I don’t think is can get much more basic than threading with straws, can it?
That’s what I’m all about lately. Getting back to the basics. The simple activities. That are easy to whip up and stuff I have [and you probably do too].
What’s awesome about this is that you can use dry pasta noodles instead if you don’t have straws.
Anyhow. I had some of these shoelaces from a threading toy we have [Melissa & Doug Lace and Trace Farm]. Otherwise regular old shoelaces would work too [though I did find that round shoelaces worked better than the flat ones]. Yarn would work too, you just may need to add something to the knot at the end to make sure the straws don’t slide off.
I let Henry do the cutting. He snipped straws into pieces, big and little.
Meanwhile, I knotted one end of the shoestrings.
And that’s all there is to the setup!
I kept thinking the bigger pieces would make it so much easier to thread.
And take less time to thread, as well.
But they’re actually much harder to push the shoestring through!
[I guess I get to learn sometimes too!]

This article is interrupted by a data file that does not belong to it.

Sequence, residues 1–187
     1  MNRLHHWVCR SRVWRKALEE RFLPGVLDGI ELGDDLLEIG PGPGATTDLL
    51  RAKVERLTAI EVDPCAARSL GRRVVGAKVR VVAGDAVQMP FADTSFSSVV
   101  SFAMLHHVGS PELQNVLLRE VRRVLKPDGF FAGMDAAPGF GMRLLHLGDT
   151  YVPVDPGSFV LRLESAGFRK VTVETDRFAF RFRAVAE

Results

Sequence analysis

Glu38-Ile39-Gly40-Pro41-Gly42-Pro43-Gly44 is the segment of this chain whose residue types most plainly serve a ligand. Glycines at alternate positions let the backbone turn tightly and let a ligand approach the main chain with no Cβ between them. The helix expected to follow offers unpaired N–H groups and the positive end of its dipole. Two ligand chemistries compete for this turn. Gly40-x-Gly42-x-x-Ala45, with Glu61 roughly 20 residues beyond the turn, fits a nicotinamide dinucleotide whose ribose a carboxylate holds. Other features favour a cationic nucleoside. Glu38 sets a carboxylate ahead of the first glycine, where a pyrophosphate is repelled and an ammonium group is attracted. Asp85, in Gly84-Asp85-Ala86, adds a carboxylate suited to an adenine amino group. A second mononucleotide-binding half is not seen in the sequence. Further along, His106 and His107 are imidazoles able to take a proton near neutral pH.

Once the shoestring is full, or as full as your child would like, tie it off in a knot.
And yes, boys can wear necklaces!
I didn’t leave George out of this activity either.
He joined us, though he didn’t have nearly as much success as Henry. But that’s expected.
He put a couple of the pieces of straw on the shoestring by himself, but he struggled. I helped him along by holding the shoestring up so that he could slide the straw on easier.
He did it over and over and never realized where they were going.
Once he did, he got a kick out of it and slid them off way faster than they went on.
Okay, there’s not even a comparison, he swiped them all off in one single swipe and thought it was just hilarious!
Henry is 4 years old. George is 20 months old.